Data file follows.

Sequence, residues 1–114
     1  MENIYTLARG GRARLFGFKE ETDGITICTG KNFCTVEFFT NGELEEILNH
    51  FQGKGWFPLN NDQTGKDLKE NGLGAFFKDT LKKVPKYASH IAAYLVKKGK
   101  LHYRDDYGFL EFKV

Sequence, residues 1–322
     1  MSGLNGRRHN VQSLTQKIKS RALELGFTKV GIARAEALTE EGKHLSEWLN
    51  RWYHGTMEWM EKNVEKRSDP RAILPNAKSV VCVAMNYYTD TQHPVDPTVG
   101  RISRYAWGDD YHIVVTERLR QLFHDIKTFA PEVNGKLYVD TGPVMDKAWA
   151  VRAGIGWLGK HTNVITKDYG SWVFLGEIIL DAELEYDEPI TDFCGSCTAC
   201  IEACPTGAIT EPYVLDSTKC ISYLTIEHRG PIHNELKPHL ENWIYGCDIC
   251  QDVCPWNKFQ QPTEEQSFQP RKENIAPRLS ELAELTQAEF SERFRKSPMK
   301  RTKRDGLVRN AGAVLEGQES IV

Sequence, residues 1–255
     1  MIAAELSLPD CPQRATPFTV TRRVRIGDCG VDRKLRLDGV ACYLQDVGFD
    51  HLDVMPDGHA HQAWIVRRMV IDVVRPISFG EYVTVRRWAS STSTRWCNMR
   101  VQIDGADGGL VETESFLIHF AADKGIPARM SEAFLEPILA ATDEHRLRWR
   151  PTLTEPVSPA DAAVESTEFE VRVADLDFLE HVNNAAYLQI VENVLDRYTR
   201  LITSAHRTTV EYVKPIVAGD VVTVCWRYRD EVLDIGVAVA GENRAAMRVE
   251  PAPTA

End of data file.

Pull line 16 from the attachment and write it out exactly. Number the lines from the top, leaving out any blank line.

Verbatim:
   101  VQIDGADGGL VETESFLIHF AADKGIPARM SEAFLEPILA ATDEHRLRWR